Gordon believes Trillanes should be kicked out of Senate
Published: 11:24 a.m., Sept. 12, 2017 | Updated 12:16 a.m., Sept. 13, 2017
The word war between Sens. Richard Gordon and Antonio Trillanes IV has taken a turn for the worse.
Gordon, chair of the Senate blue ribbon committee, is openly calling for the ouster of Trillanes from the Senate for his “out of line” behavior.
“I don’t think he belongs in the Senate,” he said in a television interview on Tuesday.
In response, Trillanes said in a text message that Gordon could just “fantasize” and “whine” that he would end up being ejected by the Senate.
He said Gordon wanted him expelled from the Senate “because his political master, (President) Duterte, wants that, too.”
“But he can only fantasize and whine about it because it’s not gonna happen,” Trillanes said.
Last week, Gordon filed a complaint against Trillanes in the Senate ethics committee after the latter called the blue ribbon panel investigating the P6.4-billion “shabu” (crystal meth) shipment from China a “comité de absuelto” (committee of exoneration).
At the Aug. 31 hearing, Trillanes accused Gordon and Sen. Tito Sotto of lawyering for Davao City Vice Mayor Paolo Duterte, a son of President Duterte, and Manases Carpio, a son-in-law of the President.
The younger Duterte and Carpio had been linked to the so-called “Davao Group,” which allegedly facilitates smuggling at the Bureau of Customs (BOC) for a fee. The two men have denied being part of the group.
Asked in the TV program if he believed Trillanes should be expelled, Gordon answered: “I think so. You don’t call people names. You don’t insult your teammates.”
“That’s why we say, ‘Will the gentleman yield to a few questions?’ You don’t address the guy, you address the chair. There are rules. He doesn’t know his rules that’s why he goes up to the deep end,” he said.
“And when that happens, what do you have? A mob. You cannot have a mob in the Senate. People are expected to act in a certain way,” he added.
In his complaint, Gordon said Trillanes engaged in “unparliamentary acts and uttered unparliamentary language and exhibited disorderly behavior” that caused “damage to the Senate and to the people” during the Aug. 31 hearing on the drug shipment that went past the BOC.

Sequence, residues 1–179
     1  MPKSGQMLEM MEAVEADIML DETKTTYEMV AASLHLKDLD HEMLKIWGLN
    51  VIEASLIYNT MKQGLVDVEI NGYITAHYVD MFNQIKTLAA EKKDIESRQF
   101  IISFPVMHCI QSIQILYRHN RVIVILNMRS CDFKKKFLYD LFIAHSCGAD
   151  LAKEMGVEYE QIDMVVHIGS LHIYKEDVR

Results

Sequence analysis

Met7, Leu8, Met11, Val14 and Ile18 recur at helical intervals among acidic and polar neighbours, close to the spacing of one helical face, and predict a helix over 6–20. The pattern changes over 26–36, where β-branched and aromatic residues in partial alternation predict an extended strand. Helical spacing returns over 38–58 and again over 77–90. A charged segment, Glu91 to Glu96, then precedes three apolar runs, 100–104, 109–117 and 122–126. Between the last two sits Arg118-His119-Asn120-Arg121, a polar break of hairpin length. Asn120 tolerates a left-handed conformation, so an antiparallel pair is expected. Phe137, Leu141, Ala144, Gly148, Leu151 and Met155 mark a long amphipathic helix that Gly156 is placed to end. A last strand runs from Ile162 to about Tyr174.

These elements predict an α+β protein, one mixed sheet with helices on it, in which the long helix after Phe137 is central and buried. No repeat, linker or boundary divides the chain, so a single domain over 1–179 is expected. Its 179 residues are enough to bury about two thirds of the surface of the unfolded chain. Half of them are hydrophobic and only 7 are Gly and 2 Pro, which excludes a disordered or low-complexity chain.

Calling the blue ribbon committee a “comité de absuelto,” according to Gordon, is a violation of Article 358 of the Revised Penal Code for oral defamation or slander, and of the Rules of the Senate.
Trillanes also “lied, unfairly and maliciously charged Gordon and Sotto of bias and partiality,” said the complaint.
It noted Trillanes’ branding of the Senate as “one of the most damaged institutions in the government” with most of its members afraid of going against the Duterte administration.
On Monday, the ethics committee found the Gordon complaint sufficient in form and substance.
On Tuesday, Trillanes expressed confidence that his fellow senators knew that there was nothing unparliamentary about his actions and language in that hearing.
“I may be passionate and serious in my demeanor sometimes but I never went outside the rules of the Senate,” he said. “Gordon just can’t accept the fact that somebody stood up to him and put him in his place.”
Trillanes dismissed as “petty” Gordon’s move to have him expelled from the Senate.
“He wants to show (the President) that he is the most loyal senator in the Senate and that’s why he is willing to do this. But the other senators will go along with him? I think not,” he said.
Trillanes said his lawyers were preparing to file an ethics complaint against Gordon “probably a week or two from now.”
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